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(en) fae bahia [Brazil]: Lesbian Visibility: Affection and Resistance in Our Political Environments (ca, de, it, fr, pt)[machine translation]

Date Mon, 13 Sep 2021 08:50:41 +0300

Reflecting on lesbianities and anarchist struggles is, in a first impulse, the search for names and materials about anarchist lesbians visible in history, a search that presents us with a gap of references. Asking why these absences leads us to two questions: first, the female invisibility within different movements, given by structural issues of machismo and misogyny; and second, the aggravation of this condition when we think of lesbian women, made invisible also thanks to lesbophobia. ---- Lesbianity and the issues surrounding it are systematically shrouded in invisibility, the history of lesbian women has been repeatedly erased or not taken into account in various contexts. Since lesbianity is a crack in the norm, a threat to the dominant heteropatriarchal structure in our society, which explains the great effort to erase it.

Thus, despite the male predominance also in our anti-capitalist circles, it is possible to find references to anarchist women, such as names such as Maria Lacerda de Moura, Lucy Parsons , Espertirina Martins and Emma Goldmann. Goldmann, in fact, was an important anarchist theorist who raised, in her trajectory, the banner of non-prejudice against lesbians and gays, being criticized even within libertarian contexts, after all, even the anarchist movement in her time was not free from discrimination against LGBTQIA+ subjects[1].

However, none of these women mentioned are lesbians, as far as is known. One of the few prominent names of publicly lesbian anarchists is Lucía Sánchez Saornil. Lucia was a militant anarchist and feminist, Spanish poet, known for being one of the founders of Mujeres Libres , an important autonomous organization of anarchist women, born out of the need to resist machismo outside and within libertarian circles.

The organization was articulated by the search for what they called the ''double struggle'', for social anarchist emancipation and for female emancipation. The Mujeres Libres had great expressiveness during the Spanish Civil War and is still an important reference in the gender debate and anarchism.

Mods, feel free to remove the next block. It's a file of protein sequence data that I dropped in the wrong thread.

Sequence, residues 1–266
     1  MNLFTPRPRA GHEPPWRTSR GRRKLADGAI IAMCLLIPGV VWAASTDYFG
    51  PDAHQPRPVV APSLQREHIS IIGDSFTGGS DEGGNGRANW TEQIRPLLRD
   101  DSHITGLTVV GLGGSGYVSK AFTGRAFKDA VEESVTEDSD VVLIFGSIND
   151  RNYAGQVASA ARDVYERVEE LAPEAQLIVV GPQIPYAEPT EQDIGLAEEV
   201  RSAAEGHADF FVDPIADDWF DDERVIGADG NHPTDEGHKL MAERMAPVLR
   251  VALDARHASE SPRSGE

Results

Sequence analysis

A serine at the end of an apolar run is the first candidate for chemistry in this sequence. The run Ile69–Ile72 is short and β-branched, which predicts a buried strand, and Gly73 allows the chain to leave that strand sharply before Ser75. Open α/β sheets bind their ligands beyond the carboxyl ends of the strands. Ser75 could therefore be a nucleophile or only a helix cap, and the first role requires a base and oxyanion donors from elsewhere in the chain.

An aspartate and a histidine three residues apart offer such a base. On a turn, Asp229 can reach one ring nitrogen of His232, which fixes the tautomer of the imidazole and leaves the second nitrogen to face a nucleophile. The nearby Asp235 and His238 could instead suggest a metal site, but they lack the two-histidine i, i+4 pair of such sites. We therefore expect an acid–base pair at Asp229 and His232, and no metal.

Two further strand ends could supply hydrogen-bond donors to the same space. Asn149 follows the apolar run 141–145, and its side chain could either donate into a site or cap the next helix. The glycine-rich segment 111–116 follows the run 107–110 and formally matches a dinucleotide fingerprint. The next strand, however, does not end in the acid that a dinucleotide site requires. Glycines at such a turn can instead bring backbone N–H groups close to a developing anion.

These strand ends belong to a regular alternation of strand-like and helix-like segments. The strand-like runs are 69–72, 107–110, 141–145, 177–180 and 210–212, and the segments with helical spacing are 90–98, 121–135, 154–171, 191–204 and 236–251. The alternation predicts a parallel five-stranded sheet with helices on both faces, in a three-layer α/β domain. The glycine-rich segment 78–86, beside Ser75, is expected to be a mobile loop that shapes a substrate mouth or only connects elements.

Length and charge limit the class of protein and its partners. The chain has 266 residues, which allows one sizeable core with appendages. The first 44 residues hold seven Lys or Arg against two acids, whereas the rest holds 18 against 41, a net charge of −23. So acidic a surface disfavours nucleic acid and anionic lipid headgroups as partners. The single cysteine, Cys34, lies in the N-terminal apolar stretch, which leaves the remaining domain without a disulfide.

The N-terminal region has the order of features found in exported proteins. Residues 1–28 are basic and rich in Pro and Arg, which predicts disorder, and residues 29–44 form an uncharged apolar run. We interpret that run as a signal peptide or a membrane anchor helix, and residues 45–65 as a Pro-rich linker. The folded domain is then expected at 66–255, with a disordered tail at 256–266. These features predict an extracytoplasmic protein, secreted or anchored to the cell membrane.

Lucia also served with the Confederación Nacional del Trabajo (CNT) and Solidaridad Internacional Antifascista (SAI) and, among other things, published in important gazettes in the 1920s, sometimes using male pseudonyms to enter these spaces. She achieved the happy feat of exploring lesbian themes in a period when any break with heterosexuality was criminalized and female voices were secondary, yet we know little of her history in our circles.

Being a lesbian was a political and affective condition that constituted her identity. Lucia Sánchez, in addition to being persecuted as an anarchist, was also persecuted as a woman who loved other women. These identities were not separate, she undoubtedly treated her sexuality as part of her struggle and how she perceived the world and her companions around her. However, women's sexuality is rarely considered in the study of their resistance trajectories and, in most cases, it is assumed, beforehand, that they were/are heterosexual.

So, in addition to looking for these references, it is important to reflect on why sexuality is pushed to a place of lesser importance. Why is sexuality so often seen as a subject considered subjective, identity and individualized? Why don't we politicize our sexualities and seek to understand them as part of systems of domination or practices of revolution?

Since the struggle of women has been teaching us, for a long time, about how the private is political , and we know that, as much as we sell an idea that our sexualities only concern who we have sex or not, they are very more than that.